Who Doesn’t Love An Organized Pantry?

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With more people staying at home and avoiding crowds, a lot of homeowners are turning to home prepping to cut back on trips to the store and avoid shortages. Unfortunately, many people find themselves overwhelmed. Sometimes it is hard to know exactly what to stock up on. And once the pantry is fully stocked and prepped, maintaining it, and finding what you need among all the other things, can be difficult. Organization is a key part of successful prepping, so if you want to have an effective pantry, here are a few organizational tips to keep in mind.

What Should You Store?

First things first: What should you store in your pantry? Obviously, you want things that are shelf-stable and will last a while. Pick up or prepare staples like canned vegetables, canned fruits, crushed tomatoes and dry goods like pasta, rice, and beans. Add cooking supplies like cooking oil, flour, and cornmeal, plus sweeteners such as sugar and honey. Beyond that, round things out according to your family’s tastes. This is where you add your taco shells, your pasta sauces, cereals, popcorn, condiments and dressings, canned meats, and anything else that you know your family uses regularly. If you have pets, you can also set aside a section of your pantry for pet food as well.

Organizing for Easy Access

When you start organizing your pantry, do not just stick things wherever you can find a space for it. Take everything out, clean the area so that you are starting fresh, then put things back in a reasonable and organized way. Group similar items, like different types of canned vegetables, together so that everything is easy to find. Avoid just shoving a bunch of things together to make more room, since that will cause confusion and make some of your items a lot harder to find when you are looking for them.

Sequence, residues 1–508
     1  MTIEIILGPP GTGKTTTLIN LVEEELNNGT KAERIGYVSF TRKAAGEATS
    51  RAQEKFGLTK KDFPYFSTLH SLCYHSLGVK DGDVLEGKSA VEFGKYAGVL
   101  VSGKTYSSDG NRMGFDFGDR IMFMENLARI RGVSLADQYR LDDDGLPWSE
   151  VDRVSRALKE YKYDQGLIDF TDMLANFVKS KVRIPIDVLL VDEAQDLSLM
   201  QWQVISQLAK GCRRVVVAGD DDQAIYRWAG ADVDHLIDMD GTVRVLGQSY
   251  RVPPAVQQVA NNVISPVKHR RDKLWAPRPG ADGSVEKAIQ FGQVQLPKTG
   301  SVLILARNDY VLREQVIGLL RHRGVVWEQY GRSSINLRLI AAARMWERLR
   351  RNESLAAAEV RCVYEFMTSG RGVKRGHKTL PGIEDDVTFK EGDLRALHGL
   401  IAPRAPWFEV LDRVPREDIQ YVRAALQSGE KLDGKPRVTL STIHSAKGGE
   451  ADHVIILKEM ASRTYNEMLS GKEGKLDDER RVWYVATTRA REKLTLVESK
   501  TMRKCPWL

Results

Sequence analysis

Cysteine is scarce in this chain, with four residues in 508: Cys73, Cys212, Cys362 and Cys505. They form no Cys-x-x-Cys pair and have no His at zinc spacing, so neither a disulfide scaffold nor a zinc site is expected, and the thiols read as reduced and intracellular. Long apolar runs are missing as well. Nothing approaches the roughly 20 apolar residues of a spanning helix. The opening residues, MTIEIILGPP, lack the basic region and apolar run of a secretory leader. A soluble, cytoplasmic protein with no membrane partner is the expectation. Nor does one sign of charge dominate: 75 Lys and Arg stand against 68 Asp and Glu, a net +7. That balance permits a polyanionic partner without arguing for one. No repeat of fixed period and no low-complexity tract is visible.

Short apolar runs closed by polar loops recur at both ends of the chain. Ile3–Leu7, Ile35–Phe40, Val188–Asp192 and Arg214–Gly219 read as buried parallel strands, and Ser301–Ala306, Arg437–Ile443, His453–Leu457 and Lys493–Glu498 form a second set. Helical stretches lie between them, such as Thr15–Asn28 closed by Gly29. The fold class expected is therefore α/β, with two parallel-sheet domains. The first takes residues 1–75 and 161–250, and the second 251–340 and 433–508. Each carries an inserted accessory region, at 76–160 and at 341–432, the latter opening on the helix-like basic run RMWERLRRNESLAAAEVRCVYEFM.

Label Everything

Place labels on your shelves once you have everything organized so you will know what goes where in the pantry. That does not mean that you must micromanage and label each individual type of item, of course; create categories like “Jelly” and “Vegetables” to simply mark the general area where those items go. If you want to be really efficient with your labeling, take the time (or recruit family members to help) and place an easy-to-read sticker or label on the top or front of each item, and write the expiration date on it for reference.

Remember FIFO

Where a lot of people run into problems is rotating stocked items as new items are bought or made. Keep the FIFO principle in mind as you restock your pantry: First In, First Out. New items should always go to the back, allowing the older items in the front to be used first. As you take items out of the pantry, move up the items behind them so that they are closer to the front and you have room to place things behind them later.

Shelving and Storage Additions

If you need to add shelving or other storage types to your pantry area, try to do so in a way that makes stocking and access easier. Standalone shelves that you can walk behind or rollout shelves that you can pull toward you make it a lot easier to place new items at the back, while sliding shelves or rotating units make it easy to reach stored items that otherwise might be hard to get to.

Emergency Storage

In general, your pantry should be filled with items that you are going to use and that will be rotated out over time. You should check expiration dates at least once or twice a year and move items about to expire to your main pantry, or use them for activities such as camping trips, hiking excursions or other adventures.

Great Lakes Home Team is here to help you with your real estate questions or needs. We have helped so many families sell their home or find their dream home. Do you want to know how much is your home worth is worth, Click here?